Yankee girl with Chinese flavour
(ZHANG QIAN)
China Daily, 07/19/2001

Copied from: http://www1.chinadaily.com.cn/cndy/2001-07-19/21104.html

SHANGHAI: Charlotte MacInnis has grown up suddenly from a naive 20-year-old student into a depressed middle-aged woman hovering on the edge of suicide.
Acting as Julia in Dario Fo's play "An Ordinary Day," Charlotte, a graduate of the Theatre Department of Columbia University, is performing in both the Chinese and English versions.
For her, there is no language barrier because she was raised in Nanjing, and can speak Chinese almost as fluently as her native tongue - English.
Charlotte, who came to China with her parents in 1988 at the age of 7, regards China as her home.
She still remembers those first days of school in Nanjing when she understood only a few words of Chinese. "I was so shy and helpless that I stayed away from my Chinese peers," she recalled, "just then, a boy came over with a comic book, and invited me to read it with him. Suddenly my alienation disappeared and a feeling of closeness with the Chinese began to take root."
With parents who both loved China, Charlotte was naturally attracted to Chinese culture even in her childhood, when she learned the Chinese version of "Twinkle, Twinkle, Little Star."
In Connecticut where she was born, her family seemed strange to the local residents because they kept some Chinese traditions like using chopsticks, celebrating Chinese Spring Festival and making dumplings (jiaozi).
But to the family, all these practices were very natural because Peter MacInnis, Charlotte's father, was actually born in China in 1948, where his parents were teachers of English.
"My father loved China so much that he was attracted to and married my mother partly because she had studied Chinese language and culture at university," she said.
Perhaps that's why her father moved the family to Nanjing when he was already in his middle years.
From 1988 to 1995, she lived in Nanjing, attending a local school with the Chinese children and merged into Chinese society.
Except for her Western appearance, she was a 100-per-cent Chinese girl.

In 1995, she moved to Beijing with her parents where she lived for a further three years.
In 1998, Charlotte was admitted into the Theatre Department at Columbia University where she had an identity crisis at first and was nicknamed the "weird white Chinese girl."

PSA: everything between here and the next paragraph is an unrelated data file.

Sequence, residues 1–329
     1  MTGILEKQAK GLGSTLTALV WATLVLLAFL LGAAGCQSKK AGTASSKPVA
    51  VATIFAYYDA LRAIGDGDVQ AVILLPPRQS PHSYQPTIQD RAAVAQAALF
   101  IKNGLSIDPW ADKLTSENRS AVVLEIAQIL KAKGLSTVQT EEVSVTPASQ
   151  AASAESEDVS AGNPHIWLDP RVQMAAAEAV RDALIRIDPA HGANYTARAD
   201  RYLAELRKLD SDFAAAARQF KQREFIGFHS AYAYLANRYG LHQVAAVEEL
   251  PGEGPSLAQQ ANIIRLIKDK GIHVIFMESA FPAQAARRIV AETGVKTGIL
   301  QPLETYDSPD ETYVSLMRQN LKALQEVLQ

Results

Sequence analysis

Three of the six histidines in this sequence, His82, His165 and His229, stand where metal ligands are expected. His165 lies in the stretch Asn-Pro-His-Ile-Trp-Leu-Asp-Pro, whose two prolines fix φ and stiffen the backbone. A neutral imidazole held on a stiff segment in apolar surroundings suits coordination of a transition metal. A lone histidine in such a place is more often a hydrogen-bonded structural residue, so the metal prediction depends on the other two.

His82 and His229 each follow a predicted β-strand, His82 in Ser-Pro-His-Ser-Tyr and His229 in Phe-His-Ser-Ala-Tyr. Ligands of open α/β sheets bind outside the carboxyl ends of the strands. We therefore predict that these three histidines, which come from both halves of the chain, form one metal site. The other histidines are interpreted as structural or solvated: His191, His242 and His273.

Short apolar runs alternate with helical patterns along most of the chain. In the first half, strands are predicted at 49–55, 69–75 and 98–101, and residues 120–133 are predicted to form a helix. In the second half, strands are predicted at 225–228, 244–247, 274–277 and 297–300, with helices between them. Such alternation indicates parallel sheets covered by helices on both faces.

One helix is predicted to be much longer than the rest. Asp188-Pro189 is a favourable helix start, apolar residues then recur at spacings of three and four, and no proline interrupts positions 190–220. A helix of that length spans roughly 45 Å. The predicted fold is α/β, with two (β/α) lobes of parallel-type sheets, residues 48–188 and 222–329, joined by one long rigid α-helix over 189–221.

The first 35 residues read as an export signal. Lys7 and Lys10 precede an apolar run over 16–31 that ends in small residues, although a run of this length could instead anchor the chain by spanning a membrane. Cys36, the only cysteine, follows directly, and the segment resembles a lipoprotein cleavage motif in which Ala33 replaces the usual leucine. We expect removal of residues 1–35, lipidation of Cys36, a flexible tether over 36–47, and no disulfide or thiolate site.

"That was because I don't have American values," she commented, "I treasure very much Chinese traditions and appear a little bit reserved in the eyes of Americans."
For instance, Charlotte said that, unlike American girls who often change boy friends, she is reluctant to do so.
And in her eyes, Chinese boys are more considerate and dependable.
What attracts Charlotte most is the idea of community. "While Americans focus on individuality," she said, "Chinese are more concerned with the community."
She recalled an example from her childhood. Once, many of her classmates got the flu, and their teacher visited the home of every student.
"This simply wouldn't happen in the United States," she said.
Actually this is not her first time to play on stage in Chinese. Since 1991, she has been active in stage performances and television programmes in China, such as CCTV's "Outlook English Magazine" and "Laughing Teahouse." In 1998, she was chosen to play a supporting role in Beijing TV's series "Jia He Wan Shi Xing" (In a Harmonious Family, All Goes Well) and in 2000, she landed a leading role in the upcoming television series "Lethal Premonition."
She also studied Chinese musical instruments such as the xun and xiao in her childhood and performed on stage and TV.
Every summer, she returns to China to spend her vacation, the same thing this summer.
"To me, China is my ancestral home, because my name is Ai Hua, which means 'loving China'," she said proudly.

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See also: Comic drama sows tragic seeds
copied from China Daily: http://www1.chinadaily.com.cn/cndy/2001-07-19/21102.html